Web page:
This UV-C radiation kills or inactivates microorganisms, such as bacteria, viruses, and parasites, by damaging their genetic material. This makes the water safe for fish and plants and helps to prevent the spread of disease in the tank.
UV sterilizers are often used in conjunction with other types of filtration systems, such as canister filters or power filters, to provide an additional level of water purification. They are particularly useful in reef aquariums, where they can help to control harmful microorganisms that can damage coral and other invertebrates.
UV sterilizers can also help to reduce the number of algae in the tank and to clarify the water. UV sterilizers are easy to install and maintain, but they do require a power source and a UV lamp that needs to be replaced periodically. They are also relatively expensive and might not be suitable for all types of aquariums.
11. Ozone Oxidation Systems
Ozone Oxidation Systems are a type of aquarium filtration system that uses ozone to purify water. Ozone is a highly reactive form of oxygen that is created by passing air or oxygen through an electrical discharge, also known as corona discharge.
This process creates ozone gas, which can then be dissolved into water. Once dissolved, the ozone will react with and eliminate dissolved organics, bacteria, viruses, and other contaminants from the water.
Ozone systems are often used in conjunction with other types of filtration systems, such as protein skimmers, to provide an additional level of water purification. They are particularly useful in reef aquariums, as they can help to control harmful microorganisms that can damage coral and other invertebrates.
They are also effective in controlling unwanted algae blooms and clarifying the water. Ozone oxidation systems are relatively easy to install and maintain, but they do require a power source and an ozone generator that needs to be replaced periodically.
They are also relatively expensive and might not be suitable for all types of aquariums. It’s important to note that when using ozone systems, it’s important to measure the ozone levels in the water as it can be harmful to fish and other aquatic life if levels are too high.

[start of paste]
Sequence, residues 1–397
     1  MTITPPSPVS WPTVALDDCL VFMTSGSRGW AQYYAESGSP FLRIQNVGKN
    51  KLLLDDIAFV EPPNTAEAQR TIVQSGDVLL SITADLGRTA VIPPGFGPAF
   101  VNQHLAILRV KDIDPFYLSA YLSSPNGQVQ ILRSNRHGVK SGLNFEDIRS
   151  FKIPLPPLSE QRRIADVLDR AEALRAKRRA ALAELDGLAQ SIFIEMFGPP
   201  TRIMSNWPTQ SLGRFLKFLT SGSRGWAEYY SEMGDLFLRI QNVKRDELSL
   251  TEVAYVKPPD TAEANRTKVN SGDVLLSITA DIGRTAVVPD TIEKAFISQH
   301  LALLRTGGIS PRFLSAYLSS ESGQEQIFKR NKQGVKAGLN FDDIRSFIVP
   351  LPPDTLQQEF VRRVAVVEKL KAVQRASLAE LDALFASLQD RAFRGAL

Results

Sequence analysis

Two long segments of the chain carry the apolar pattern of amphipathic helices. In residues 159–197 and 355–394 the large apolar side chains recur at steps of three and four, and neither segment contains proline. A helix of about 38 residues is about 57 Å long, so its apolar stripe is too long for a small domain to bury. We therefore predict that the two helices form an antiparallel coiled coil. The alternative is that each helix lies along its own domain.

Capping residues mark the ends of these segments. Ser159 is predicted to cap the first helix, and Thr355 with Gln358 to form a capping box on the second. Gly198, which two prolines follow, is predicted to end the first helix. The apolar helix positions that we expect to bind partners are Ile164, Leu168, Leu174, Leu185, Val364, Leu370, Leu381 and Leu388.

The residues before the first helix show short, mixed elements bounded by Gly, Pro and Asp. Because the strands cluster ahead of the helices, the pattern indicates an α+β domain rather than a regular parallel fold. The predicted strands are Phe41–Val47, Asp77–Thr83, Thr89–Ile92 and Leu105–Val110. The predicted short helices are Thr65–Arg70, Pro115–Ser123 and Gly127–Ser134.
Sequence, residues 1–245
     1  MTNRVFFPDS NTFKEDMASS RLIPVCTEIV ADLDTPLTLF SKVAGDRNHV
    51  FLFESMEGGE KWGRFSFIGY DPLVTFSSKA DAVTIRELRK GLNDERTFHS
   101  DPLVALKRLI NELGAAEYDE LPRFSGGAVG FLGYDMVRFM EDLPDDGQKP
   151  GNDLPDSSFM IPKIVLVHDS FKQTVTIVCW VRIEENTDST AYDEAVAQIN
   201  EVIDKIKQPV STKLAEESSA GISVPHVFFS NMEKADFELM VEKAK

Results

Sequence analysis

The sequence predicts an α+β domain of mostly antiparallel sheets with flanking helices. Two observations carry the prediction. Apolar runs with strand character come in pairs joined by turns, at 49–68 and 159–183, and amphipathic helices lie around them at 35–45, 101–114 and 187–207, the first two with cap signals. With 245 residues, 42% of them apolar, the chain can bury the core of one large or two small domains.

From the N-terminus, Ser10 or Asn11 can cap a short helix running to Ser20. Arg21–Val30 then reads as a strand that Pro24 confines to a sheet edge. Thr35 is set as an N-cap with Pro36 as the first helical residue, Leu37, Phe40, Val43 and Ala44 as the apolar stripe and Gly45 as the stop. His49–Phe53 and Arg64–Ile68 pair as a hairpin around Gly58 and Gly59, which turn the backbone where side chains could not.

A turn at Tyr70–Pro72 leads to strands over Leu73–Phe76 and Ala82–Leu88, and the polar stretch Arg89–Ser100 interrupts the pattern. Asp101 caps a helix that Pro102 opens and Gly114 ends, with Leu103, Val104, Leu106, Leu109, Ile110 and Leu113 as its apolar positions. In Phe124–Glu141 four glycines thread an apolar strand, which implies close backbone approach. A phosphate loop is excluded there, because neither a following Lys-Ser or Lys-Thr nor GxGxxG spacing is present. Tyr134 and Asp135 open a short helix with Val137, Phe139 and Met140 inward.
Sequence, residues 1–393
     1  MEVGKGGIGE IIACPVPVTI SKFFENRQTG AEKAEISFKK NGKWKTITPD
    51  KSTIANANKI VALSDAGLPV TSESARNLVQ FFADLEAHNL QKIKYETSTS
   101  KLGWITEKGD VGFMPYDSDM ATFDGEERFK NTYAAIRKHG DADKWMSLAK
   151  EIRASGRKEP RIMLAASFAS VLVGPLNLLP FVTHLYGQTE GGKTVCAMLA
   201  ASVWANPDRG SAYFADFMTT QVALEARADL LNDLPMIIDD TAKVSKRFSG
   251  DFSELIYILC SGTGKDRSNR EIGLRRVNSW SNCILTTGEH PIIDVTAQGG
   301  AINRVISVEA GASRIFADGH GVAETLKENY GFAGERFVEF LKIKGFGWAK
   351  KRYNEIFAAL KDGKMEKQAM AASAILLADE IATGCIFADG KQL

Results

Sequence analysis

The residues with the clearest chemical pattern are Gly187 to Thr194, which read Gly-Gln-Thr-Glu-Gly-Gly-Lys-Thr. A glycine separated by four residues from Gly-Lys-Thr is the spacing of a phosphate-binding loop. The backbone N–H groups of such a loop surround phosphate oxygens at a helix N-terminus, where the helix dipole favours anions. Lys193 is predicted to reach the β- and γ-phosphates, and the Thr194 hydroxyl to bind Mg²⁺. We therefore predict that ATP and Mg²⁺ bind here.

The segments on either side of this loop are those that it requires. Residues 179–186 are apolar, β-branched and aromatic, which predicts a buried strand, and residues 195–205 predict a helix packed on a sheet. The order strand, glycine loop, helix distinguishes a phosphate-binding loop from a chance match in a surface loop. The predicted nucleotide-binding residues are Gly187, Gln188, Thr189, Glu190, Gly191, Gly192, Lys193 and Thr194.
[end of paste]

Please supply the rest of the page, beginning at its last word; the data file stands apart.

Sumps are a type of aquarium filtration system that is designed to provide additional filtration and water volume to the tank. They consist of a separate tank or compartment that sits beneath the main aquarium and is connected to the main tank via a hole drilled in the bottom or back of the tank.
Water is pumped from the main tank into the sump and then filtered through a series of mechanical and biological filtration media before being returned to the main tank. Sumps provide several benefits such as additional water volume which can help stabilize the water temperature and pH and increase the overall water volume which can help dilute waste and improve water quality.
They also provide additional space for equipment such as protein skimmers, heaters, and pumps. Sumps can also be used to house additional filtration methods like refugium, and Diatom filters. They are also relatively easy to install and maintain and can be customized to suit the specific needs of the tank.
However, they can be relatively expensive and require a significant amount of space, and they also require a hole to be drilled into the tank.
There are many types of aquarium filtration systems available to suit the needs of any aquarium. Each type has its own advantages and disadvantages, so it is important to do research and find out which system will work best for your tank.
Biological filtration is essential in providing a healthy environment for aquatic life, however mechanical, chemical, and ozone filtration are also important in keeping the water clean and clear. Ultimately, it is up to you to find the right system for your aquarium that will provide proper filtration and a stable environment for your fish and plants.